Opening the Outdoors
Lee Vue’s work to make the outdoors more inclusive and accessible
On the first day of the canoe trip, it didn’t take long for Kaohly Her — a State Representative from St. Paul and a leader in the Hmong-American community — to become frustrated. Not used to steering, she had been placed in the stern and tasked with keeping the canoe straight.
There was no time to practice. Right off the bat, she had to do something she couldn’t.
It was a new skill — and not an easy one. The constant zigzagging, which sometimes resulted in paddling twice the distance to get from point A to point B, was beyond frustrating, not to mention exhausting.
So much that portaging was a relief.
At the same time, Kaohly was struck by the beauty of the surrounding environment and joy of traveling with a group of close friends. “I was being tested in ways that pushed my physical, psychological and emotional limits,” she says. “Putting myself in this situation, in such a gorgeous setting, was very moving, incredibly powerful.”
Kaohly and her friends, seven Hmong women, were taking their first extended canoe trip in the Boundary Waters. The women had outdoor experience, but this trip into the Boundary Waters was a leap for everyone.
The idea for the trip had been inspired by their close friend, Ilean Her, a prominent community leader and University of Minnesota Board Regent. For years, they had all wanted to do a Boundary Waters trip together. Tragically, before this could happen, Ilean passed away due to complications from COVID-19 in May, 2021. In the wake of Ilean’s passing, her friends decided to take the trip as a way to honor and celebrate their adventurous late friend.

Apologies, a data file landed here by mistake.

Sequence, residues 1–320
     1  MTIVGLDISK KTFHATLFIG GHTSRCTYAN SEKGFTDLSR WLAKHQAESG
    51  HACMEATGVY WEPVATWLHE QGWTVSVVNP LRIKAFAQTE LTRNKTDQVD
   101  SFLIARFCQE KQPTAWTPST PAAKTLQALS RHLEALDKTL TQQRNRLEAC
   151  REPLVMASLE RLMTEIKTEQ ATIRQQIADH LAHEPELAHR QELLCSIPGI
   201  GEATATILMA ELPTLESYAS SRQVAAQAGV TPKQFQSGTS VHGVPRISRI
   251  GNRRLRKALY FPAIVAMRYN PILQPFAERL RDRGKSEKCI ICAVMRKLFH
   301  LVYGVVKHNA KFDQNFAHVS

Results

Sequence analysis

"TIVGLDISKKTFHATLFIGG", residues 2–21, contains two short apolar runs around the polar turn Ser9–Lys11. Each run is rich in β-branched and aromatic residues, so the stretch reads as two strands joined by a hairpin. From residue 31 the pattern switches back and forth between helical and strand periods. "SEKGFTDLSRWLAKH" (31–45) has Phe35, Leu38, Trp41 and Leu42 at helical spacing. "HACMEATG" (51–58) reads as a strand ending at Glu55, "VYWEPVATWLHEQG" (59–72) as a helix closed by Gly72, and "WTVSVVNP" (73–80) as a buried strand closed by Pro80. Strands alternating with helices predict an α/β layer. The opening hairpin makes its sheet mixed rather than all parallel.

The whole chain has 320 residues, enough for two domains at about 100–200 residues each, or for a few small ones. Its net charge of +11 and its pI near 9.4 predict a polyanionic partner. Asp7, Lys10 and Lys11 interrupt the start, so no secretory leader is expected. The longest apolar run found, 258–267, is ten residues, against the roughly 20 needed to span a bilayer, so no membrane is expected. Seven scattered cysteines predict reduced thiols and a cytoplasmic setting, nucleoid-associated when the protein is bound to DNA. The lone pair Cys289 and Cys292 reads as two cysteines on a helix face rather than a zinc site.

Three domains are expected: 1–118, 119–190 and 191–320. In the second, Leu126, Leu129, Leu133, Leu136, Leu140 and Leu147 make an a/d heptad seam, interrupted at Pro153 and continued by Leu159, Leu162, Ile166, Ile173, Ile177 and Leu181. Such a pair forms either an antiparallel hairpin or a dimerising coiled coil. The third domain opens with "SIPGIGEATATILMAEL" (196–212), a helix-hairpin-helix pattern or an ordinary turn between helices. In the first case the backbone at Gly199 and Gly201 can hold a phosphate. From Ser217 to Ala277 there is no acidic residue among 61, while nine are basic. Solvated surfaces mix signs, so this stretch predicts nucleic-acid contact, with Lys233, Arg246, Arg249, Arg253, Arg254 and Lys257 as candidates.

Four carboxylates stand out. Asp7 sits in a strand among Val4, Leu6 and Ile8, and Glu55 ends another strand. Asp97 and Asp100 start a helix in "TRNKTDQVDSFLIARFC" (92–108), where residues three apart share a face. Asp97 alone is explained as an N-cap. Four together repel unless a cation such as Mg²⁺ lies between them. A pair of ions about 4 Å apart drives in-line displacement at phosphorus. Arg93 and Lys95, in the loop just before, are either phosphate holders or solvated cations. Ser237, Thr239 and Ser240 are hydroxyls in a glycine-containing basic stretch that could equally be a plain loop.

But they weren’t sure where to start. They needed someone with experience.
Through mutual friends, they were connected with Lee Vue, a board member for Friends of the Boundary Waters Wilderness and a highly experienced wilderness traveler who has been taking Boundary Waters trips since she was 13 years old.
Along with her extensive experience, Lee is dedicated to introducing people to the outdoors, particularly people of color.
“Lee was amazing. She took on a bunch of women who had no experience, put all the food and gear together, and did everything else. She wasn’t just our guide, she was our babysitter, counselor, coach, healer and inspiration!” says Kaohly, who added that everyone faced different challenges while on trail and were pushed in different ways. Those hardships turned into confidence. By the end of their four-day trip, they were talking about the next challenge, motivated to return and try a longer route with more difficult portages.
“Even if you have experience and are in shape, a Boundary Waters trip can be a struggle,” says Lee, who has seen firsthand how the wilderness can both challenge and transform people. “But that’s how confidence is formed, and it doesn’t take long for people to experience a breakthrough that leads them to seek out even greater challenges and explore more possibilities.”